LETTER

The GTP report: How accurate are the results?

Ramon Navaratnam

Published
Modified 28 Mar 2011, 10:29 am

The government must be commended for scoring generally high marks in its successful 1st Annual Report on its transformation programme (GTP).

With so much unnecessary politicking and negative public reaction to sensitive issues relating to race, religion and even sex scandals, there had been a heavy cloud of doubt and uncertainty as to our prospects to move forward .

However, thankfully the  many achievements of the GTP have been received like a breath of fresh air. The report has uplifted our spirits and removed  considerable initial doubts on viability of the GTP, at least for the time being .

All this success has led the public to now ask the following questions:

  • Are these good statistics accurate?
  • Will the good results be felt fully on the ground at the grassroots levels or just broad statistics that lack the human factor?
  • Will these encouraging results be sustained or are they a flash in the pan?
  • Are all these transformation programmes intended only for the forthcoming elections or is the government seriously thinking of the long term?
  • Will the government continue this transformation process? Will the more fundamental causes of uncertainty and unhappiness related to more racial equity, religious freedom and a better environment and quality of life, be addressed with a greater sense of  purpose and priority?

On the details of the report itself, questions are already being asked and they have to be answered  transparently by the government. This is necessary to dispel lingering doubts and to raise the  credibility and support  for the impressive GTP report and the National Key Result Areas as indicated below .

1. Reducing crime - Can the police substantiate their laudable high scores with an open public perception survey as to whether and how the people are actually affected by the reduction of the overall crime index by about 32,300 cases or 15 percent last year?.Do people now feel more safe and secure from street crimes that have reportedly gone down by a whopping 35 percent?

2. Corruption - There is no doubt that the MACC is now  in the news almost daily. Much to its credit, it has raised public awareness of the dangers posed to our national security and survival by the high levels of corruption in our country. But the people still wait for more high profile cases or ‘big fish’ to be caught soon, to underline the government's determination to fight ‘grand corruption’.

Reducing mainly grassroots corruption is not as reassuring to the general public. What can we do, for instance, to combat money politics which is the ‘mother of corruption’? The government should amend the necessary laws to attack money politics and corrupt politicians.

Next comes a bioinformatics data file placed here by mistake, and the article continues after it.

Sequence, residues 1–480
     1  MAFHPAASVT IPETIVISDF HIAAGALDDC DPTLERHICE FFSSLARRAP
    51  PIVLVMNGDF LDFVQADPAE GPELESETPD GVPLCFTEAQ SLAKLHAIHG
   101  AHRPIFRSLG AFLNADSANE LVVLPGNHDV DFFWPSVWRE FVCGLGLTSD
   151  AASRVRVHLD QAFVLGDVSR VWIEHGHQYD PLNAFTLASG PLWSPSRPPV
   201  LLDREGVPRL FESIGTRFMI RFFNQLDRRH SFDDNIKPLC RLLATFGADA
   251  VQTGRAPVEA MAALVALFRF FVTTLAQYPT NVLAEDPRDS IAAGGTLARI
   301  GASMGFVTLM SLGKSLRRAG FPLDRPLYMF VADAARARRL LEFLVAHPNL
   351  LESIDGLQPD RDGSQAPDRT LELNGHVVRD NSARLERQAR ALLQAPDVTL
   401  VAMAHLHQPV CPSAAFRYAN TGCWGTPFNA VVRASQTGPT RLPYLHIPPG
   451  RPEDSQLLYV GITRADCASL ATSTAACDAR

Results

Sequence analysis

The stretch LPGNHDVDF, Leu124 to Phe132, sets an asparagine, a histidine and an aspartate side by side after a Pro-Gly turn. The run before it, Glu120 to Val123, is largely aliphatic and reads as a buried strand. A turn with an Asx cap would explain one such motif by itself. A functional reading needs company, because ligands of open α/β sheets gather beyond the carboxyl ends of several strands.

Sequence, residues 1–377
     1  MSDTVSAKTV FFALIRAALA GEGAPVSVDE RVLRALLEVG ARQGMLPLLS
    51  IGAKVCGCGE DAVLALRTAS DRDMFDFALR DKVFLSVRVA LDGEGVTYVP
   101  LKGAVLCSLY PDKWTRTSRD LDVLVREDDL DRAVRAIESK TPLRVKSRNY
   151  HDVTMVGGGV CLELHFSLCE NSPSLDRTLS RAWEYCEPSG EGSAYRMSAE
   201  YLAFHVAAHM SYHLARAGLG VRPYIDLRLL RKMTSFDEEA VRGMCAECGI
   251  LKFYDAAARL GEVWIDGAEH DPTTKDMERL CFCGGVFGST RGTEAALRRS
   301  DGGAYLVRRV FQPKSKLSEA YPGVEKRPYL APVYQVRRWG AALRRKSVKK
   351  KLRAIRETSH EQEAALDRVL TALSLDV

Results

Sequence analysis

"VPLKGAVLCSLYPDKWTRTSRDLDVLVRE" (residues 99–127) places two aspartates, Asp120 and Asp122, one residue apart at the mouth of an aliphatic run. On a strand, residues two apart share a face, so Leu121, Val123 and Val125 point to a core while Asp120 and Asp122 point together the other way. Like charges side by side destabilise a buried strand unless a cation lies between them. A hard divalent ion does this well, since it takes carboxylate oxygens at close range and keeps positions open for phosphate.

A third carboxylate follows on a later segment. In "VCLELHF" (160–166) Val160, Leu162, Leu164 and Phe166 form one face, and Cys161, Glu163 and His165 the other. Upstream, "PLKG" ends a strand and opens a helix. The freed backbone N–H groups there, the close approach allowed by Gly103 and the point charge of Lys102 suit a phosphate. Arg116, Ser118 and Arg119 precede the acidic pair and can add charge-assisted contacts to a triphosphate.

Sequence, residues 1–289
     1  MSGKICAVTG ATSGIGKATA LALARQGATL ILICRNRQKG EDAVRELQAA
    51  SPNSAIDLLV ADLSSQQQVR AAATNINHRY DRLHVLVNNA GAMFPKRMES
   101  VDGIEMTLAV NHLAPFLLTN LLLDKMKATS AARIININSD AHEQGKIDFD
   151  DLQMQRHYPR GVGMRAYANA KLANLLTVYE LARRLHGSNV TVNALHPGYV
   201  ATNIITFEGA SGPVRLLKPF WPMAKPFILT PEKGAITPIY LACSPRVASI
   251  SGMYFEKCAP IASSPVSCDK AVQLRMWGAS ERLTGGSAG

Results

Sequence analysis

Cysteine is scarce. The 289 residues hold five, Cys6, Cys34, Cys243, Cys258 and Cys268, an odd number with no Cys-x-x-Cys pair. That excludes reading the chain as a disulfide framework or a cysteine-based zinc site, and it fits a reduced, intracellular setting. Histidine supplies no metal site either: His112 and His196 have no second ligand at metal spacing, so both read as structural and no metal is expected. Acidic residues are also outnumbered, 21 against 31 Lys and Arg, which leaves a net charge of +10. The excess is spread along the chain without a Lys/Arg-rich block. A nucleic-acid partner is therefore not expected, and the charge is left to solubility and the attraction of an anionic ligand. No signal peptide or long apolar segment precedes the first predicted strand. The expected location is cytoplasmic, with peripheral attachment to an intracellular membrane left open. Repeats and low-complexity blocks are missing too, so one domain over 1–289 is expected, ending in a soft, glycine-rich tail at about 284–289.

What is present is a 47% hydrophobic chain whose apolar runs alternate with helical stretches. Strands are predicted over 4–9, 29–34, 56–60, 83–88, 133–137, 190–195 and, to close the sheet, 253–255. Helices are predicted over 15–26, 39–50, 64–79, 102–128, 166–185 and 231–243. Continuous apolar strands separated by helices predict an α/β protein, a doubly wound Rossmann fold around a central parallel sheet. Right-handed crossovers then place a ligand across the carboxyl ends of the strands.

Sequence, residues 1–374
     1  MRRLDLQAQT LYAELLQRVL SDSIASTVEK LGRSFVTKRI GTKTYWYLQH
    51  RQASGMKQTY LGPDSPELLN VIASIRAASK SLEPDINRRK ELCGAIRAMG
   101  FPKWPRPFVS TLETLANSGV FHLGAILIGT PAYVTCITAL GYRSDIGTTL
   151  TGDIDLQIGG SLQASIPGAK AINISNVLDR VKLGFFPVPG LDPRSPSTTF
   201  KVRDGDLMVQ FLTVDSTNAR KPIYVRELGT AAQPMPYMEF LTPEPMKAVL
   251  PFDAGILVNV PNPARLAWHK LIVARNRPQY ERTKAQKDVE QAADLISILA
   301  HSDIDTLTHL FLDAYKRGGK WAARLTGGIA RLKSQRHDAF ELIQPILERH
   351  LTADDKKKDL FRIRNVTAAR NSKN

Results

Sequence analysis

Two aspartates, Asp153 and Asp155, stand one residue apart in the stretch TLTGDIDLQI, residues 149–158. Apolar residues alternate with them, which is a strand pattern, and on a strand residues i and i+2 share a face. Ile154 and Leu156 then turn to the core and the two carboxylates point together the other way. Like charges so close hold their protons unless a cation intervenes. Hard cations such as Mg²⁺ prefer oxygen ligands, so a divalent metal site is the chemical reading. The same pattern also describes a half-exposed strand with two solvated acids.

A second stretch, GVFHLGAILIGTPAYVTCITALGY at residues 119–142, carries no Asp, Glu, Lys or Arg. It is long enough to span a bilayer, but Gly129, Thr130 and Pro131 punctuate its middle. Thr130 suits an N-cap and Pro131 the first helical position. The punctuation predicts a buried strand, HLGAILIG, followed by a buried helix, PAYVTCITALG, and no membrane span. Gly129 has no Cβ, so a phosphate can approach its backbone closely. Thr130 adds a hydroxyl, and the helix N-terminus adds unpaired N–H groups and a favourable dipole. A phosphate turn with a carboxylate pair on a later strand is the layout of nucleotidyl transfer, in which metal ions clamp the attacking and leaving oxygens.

3. Improving student outcomes - The establishment of 1,500 preschool classes so quickly, the reported rise in the performance of the literacy rate to 85 percent and the numeracy rate to 91 percent, are indeed  heart warming.

The questions parents will ask and teachers should ask are whether these high outcomes are primarily quantitative achievements or more importantly qualitative accomplishments as well. If it means  that  academic standards have really risen, then we all should look forward to higher employability rates too .So can we monitor these vital results, in order to better appreciate  their estimated  favourable outcomes?

4  Raising living standards of low income households - This, for 44,535 families or a about nearly one quarter million Malaysians is quite a feat . We should all be proud of this achievement. All Malaysians will agree that priority should always be given to improve the welfare of the poorer  citizens amongst us. The ‘end poverty programme’ or Akhiri Zaman Miskin, should indeed be  intensified  and made available to all racial groups in the urban areas, to promote National Unity as well. Can urban poverty targets be included in future please?

5. Improving rural basic infrastructure - This aim has again been substantially attained by the building/upgrading of  about 783 km of rural roads and the much overdue provision of water and electricity supply and housing, for about 80,000 households.

It must be stressed here that these small contracts that are often given out in a hurry to small local contractors could lead to a lot of wastage if not properly supervised. Hence their poor services  could cause distress to the rural folk and become counter productive, instead of producing  satisfaction and appreciation.

The availability of these  useful basic needs have to be increased substantially, They certainly have to be provided to also the poor urban dwellers. They can be even more burdened by poverty in the towns where they have little or no access to land for cultivation of vegetables and rearing of poultry .

6  Improving urban public transport - This has been admitted to be one of the weak areas in the NKRA's. This is understandable because it is full of complexities. It is however heartening that the Integrated Transport Terminals at Bandar Tasik and Gombak and the KTM projects have been successfully implemented.

However  this weak spot in the GTP should be given more attention, if the deep-seated daily urban public frustration is to be reduced in a timely manner. Thus there should be a firm overall policy  to phase out the use of cars in preference to public transport without undue concern to protect our motor manufacturers. The people’s welfare should come first.

Finally, government has really done well in adopting and implementing its ambitious  transformation programme. However it has to be further strengthened and especially sustained,  in order to continue to earn more public support and appreciation in the longer term as well.

Ramon Navaratnam is chairperson of Asli Center of Public Policy Studies